Paperwork was filed this week with the Los Angeles Department of City Planning by developer Trical Construction, Inc. to replace the existing City Lights on Fig complex in Downtown Los Angeles with a Gensler-designed, 53-story glass hotel tower. The project, if completed, would add yet another monolith to the entertainment district’s growing contribution to the city’s skyline. Urbanize L.A. reports that the existing project, a 100-unit, five-story tall apartment complex, was built by the developer in 2004 and is being cleared, in part, to help achieve the city’s goal of increasing hotel supply around the Los Angeles Convention Center (LACC) and L.A. Live complex. The City is seeking to locate 8,000 hotel rooms within proximity to the LACC complex. A study from 2015 indicates that 3,172 hotel rooms exist in the area, with approximately 2,000 new ones on the way. The Trical Construction project would increase that number by over 50 percent, adding 1,024 rooms, and will be operated as two separate hotels. The developer has not announced which hotelier will run either of the two proposed establishments. Renderings for the proposed complex indicate that the new tower will make use of recently loosened restrictions that will no longer require tall buildings in the city to be capped by flat-topped helicopter evacuation pads. As a result, Gensler’s tower is designed to have a pointed, faceted top. The renderings depict a rectangular tower clad in riveted glass curtain walls. It's a relatively subdued design considering Gensler’s other, recently-revealed tower for the area, which is made up of stacked geometric shapes and punctured by a roughly 20-story hole. The newest project will comprise the 19th such tower for the growing entertainment district, ten of which are designed by Gensler. Renderings also depict large, ground level electronic signage in keeping with many of the other recently-proposed projects. The proposed tower, located in a new Sign District surrounding the LACC and L.A. Live areas, will bring a mix of commercial electric signage as well as art-focused installations to the pedestrian areas in the neighborhood.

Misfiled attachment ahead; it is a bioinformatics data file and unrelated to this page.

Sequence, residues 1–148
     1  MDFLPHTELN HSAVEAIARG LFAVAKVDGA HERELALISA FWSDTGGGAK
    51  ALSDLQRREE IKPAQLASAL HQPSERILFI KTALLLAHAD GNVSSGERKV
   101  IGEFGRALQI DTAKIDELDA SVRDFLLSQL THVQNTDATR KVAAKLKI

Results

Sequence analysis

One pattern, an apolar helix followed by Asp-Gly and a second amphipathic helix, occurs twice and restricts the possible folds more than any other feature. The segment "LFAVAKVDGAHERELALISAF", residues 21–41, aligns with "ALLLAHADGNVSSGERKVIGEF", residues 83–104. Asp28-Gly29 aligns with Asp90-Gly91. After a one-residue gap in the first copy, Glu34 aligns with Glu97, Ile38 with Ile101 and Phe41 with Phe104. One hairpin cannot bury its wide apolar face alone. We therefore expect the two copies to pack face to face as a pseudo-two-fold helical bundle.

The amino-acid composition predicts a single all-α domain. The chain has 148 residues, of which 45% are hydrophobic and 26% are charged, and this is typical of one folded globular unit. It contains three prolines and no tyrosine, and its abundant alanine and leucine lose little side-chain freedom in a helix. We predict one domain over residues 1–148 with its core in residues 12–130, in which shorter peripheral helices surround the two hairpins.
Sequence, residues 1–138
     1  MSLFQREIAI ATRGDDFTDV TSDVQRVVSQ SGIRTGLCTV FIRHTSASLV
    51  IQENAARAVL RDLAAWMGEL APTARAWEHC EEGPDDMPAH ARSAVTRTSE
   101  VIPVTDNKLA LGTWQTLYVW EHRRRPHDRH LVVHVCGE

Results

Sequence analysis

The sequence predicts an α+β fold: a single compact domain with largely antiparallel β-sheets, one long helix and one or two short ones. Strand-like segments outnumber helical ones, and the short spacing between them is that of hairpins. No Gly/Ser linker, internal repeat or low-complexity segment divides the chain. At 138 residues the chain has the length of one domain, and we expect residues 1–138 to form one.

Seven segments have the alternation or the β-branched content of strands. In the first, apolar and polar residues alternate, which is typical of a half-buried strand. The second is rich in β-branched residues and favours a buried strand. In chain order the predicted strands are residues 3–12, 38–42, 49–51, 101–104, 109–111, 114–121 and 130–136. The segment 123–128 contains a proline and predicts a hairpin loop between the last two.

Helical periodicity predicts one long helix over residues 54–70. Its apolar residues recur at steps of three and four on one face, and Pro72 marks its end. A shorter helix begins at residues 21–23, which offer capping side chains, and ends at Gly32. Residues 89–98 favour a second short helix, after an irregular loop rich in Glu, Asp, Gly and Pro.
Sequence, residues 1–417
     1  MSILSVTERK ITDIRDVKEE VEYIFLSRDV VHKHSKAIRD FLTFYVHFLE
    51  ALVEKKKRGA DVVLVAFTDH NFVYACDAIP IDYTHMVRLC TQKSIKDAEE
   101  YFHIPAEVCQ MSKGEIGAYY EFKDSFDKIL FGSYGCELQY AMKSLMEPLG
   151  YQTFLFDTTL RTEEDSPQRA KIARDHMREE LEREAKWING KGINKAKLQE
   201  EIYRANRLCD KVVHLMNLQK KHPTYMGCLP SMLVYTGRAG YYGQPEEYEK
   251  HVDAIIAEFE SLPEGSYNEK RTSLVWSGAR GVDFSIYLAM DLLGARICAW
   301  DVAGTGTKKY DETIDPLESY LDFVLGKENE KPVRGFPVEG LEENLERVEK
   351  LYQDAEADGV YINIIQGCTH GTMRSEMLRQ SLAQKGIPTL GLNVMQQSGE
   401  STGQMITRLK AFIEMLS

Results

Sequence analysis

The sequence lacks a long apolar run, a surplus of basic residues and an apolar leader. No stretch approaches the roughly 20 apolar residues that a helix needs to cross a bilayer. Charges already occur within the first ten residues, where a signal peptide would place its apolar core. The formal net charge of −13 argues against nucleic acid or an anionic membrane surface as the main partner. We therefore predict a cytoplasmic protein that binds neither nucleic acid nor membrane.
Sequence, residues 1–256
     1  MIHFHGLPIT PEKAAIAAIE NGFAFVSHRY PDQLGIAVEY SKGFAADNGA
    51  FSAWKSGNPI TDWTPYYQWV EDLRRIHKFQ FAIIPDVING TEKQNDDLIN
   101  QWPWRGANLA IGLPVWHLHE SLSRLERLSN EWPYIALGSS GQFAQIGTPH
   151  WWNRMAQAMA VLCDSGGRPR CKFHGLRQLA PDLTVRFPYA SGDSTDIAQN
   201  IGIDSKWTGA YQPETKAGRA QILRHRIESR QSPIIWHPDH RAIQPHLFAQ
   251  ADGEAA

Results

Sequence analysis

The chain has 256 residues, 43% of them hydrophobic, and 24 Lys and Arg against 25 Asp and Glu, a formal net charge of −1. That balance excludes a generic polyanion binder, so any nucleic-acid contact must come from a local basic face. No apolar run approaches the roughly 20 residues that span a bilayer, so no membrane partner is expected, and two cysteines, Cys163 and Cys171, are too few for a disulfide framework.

Posts tagged with "South Park":